Sustaining intangible heritage through video game storytelling – the case of the Sami Game Jam


The important function games have held in Sámi culture over time. Sámi games reflected priorities and expressions in relating to the land, as seen in the prominence of animal and nature themes . When used as a pedagogic tool, games allowed children to imitate working adults via playful practices, enacting roleplay around Sámi traditional livelihoods. Hence, Sámi play and games have also been a platform to pass on traditional knowledge.

Overall, games have been significant in sustaining livelihood, traditional Sámi pedagogy, as much as in politics of Sámi erasure and colonisation . The employment of digital technology in Indigenous settings is nothing new. Global efforts around Indigenous technology include Aboriginal digital databases, and Virtual Reality art projects . More specifically regarding game development, there are increasing efforts to integrate game development tools and Indigenous storytelling.

Furthermore, there was a continuation of ancient Sámi game elements, using nature and animal motifs. Most of the games, including the three examples discussed, used input devices engaging the whole human body in play to experience their game characters and thus engage with concerns of a contemporary Sámi community using high-end gaming hardware. Overall, these elements of the game jam resonate with educational principles of Sámi intangible heritage, focusing on embodied, holistic ways of learning. Rather than framing Sámi intangible heritage as incompatible with digital expressions, maintaining tired dichotomies of old versus new, traditional versus modern, or analogue versus digital, Sámi Game Jam created a ‘digital campfire’ , connecting the jammers around living expressions of Sáminess. This suggests that digital games can be a potent tool for cultural revitalisation, as they allow jammers to express current concerns from the inside, as dynamic rules, mechanics, control schemes, and audio-visual elements.

Noticeably, game jamming is a contemporary cultural technique suitable for different age groups. For young Sámi audiences, the games present an engaging platform to explore familiar stories and environments through immersive gadgets and state-of-the-art technology. On a symbolic level, this presents their culture as something ‘cool’ and contemporary; something one wants to experience with friends, to celebrate, enjoy, and invest in, rather than something to be ashamed of, as was previously the case.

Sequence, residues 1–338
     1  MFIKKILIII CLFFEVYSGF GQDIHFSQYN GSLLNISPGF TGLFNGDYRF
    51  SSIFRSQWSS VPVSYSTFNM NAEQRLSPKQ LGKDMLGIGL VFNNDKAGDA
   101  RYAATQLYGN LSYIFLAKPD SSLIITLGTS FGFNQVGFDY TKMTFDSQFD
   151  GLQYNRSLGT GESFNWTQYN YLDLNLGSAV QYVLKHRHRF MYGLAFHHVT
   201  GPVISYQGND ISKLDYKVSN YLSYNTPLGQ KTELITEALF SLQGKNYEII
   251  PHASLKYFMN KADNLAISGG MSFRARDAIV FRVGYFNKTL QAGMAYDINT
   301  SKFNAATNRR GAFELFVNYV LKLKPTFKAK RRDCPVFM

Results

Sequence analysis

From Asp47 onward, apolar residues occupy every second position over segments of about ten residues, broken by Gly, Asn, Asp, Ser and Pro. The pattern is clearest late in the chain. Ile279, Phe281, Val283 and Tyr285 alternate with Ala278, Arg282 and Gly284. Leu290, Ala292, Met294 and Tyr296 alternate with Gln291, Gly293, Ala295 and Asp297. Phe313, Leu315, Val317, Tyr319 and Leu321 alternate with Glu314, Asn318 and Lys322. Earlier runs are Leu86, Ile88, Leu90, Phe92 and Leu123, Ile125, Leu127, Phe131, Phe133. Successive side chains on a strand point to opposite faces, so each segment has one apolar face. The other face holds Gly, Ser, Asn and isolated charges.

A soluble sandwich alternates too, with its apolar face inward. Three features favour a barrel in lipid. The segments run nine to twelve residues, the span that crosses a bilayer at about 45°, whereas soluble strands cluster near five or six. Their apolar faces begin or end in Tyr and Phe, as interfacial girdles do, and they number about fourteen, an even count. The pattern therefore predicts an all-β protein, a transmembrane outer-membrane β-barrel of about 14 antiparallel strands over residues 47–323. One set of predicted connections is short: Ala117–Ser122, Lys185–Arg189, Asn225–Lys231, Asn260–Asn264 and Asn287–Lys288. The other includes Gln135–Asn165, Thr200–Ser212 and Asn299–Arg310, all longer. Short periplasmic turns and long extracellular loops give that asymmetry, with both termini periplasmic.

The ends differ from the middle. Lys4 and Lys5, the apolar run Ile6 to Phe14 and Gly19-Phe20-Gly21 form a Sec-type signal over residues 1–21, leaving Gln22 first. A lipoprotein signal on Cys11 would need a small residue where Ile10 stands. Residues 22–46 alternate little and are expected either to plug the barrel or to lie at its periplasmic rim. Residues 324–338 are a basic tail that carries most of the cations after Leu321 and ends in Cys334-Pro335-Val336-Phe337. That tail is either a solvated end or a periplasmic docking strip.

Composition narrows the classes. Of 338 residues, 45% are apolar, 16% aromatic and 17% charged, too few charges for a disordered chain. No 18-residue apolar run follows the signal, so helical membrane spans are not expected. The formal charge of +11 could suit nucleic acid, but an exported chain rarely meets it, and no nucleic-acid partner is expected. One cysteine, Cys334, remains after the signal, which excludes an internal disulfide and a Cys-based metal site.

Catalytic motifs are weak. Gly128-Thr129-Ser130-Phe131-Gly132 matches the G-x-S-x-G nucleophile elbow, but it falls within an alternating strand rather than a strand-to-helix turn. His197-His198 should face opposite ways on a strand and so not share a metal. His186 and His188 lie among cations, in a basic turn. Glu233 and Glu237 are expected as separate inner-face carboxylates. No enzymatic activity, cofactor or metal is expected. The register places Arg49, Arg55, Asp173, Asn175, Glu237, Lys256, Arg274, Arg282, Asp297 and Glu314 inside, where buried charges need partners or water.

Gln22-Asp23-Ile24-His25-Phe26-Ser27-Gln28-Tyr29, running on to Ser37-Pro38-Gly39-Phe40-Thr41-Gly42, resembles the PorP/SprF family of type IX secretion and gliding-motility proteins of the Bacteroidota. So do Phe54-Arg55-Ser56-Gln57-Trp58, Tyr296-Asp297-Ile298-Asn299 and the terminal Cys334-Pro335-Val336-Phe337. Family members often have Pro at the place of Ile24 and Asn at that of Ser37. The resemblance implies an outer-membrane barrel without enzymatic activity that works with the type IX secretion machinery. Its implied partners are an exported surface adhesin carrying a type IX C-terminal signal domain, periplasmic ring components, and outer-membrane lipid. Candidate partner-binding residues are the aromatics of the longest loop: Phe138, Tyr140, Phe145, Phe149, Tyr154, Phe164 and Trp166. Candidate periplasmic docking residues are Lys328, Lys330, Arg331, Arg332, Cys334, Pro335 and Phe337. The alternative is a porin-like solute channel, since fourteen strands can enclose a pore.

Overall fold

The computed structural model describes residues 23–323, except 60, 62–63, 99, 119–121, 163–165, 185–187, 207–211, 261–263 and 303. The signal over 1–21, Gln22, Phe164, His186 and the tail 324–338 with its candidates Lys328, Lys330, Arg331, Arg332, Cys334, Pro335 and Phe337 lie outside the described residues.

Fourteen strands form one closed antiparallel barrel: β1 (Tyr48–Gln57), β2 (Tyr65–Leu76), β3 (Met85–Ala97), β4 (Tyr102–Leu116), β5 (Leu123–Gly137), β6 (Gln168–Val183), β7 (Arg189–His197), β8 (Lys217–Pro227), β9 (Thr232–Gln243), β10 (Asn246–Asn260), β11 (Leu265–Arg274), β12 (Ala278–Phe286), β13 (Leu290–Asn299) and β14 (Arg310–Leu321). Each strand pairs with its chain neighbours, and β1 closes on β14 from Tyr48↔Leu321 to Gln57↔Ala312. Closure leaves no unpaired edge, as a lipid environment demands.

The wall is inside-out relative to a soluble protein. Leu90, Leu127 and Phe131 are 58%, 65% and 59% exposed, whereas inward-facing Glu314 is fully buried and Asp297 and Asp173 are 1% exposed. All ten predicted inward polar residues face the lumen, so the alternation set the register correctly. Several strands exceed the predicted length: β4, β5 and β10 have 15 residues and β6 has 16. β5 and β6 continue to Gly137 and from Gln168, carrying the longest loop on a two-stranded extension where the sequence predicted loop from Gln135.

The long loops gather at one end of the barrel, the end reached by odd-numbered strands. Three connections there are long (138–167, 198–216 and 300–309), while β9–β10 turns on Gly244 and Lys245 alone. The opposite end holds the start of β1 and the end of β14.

There also are examples for intersections between Indigenous game creation and the gaming market. Perhaps most famously, Never Alone is a game involving the Cook Inlet Tribal Council (2017) featuring the Iñupiaq language through Alaskan Native storytellers’ voices. In an attempt to present traditional Indigenous storytelling in a contemporary medium, Never Alone’s storyline is based on the Kunuuksaayuka story, a piece of intangible heritage. Never Alone’s creative process begs the question of Indigenous agency. While inspired by Cook Inlet Tribal Council ideas, the development team had only one Indigenous member. Furthermore, as a commercial game, Never Alone was partly driven by the need to generate revenues, compromising ways to represent Indigenous heritage. This questions how much of the game was an attempt to appeal to Western player audiences, rendering well-meaning attempts at Indigenous representation mere ornamentation. Overall, this may lead to dynamics where the game performs preservation at the cost of repeating colonial structures: Western mechanics decorated by ‘authentic’ Indigenous ornamentation. Acutely aware of a reality in which Indigenous languages and practices erode, Indigenous communities are caught in a situation of ethnostress: There is urgency in preserving cultural elements, but doing so by the rules of an industry may further erase their voices through cultural appropriation and self-censorship. Indigenous game makers may choose to go with harmful conventions out of fear of losing their cultural heritage altogether. Overall, the Indigenous pressure for rapid solutions against cultural losses potentially leads to both positive and negative results.


This research shows that video games could be efficient media to help indigenous people find confidence in their own culture. However, we should be aware that, when the video game interacts with the capital, indigenous people may lose ownership of their own culture. Especially when getting profit is the first goal, the culture of the indigenous people might be undermined.


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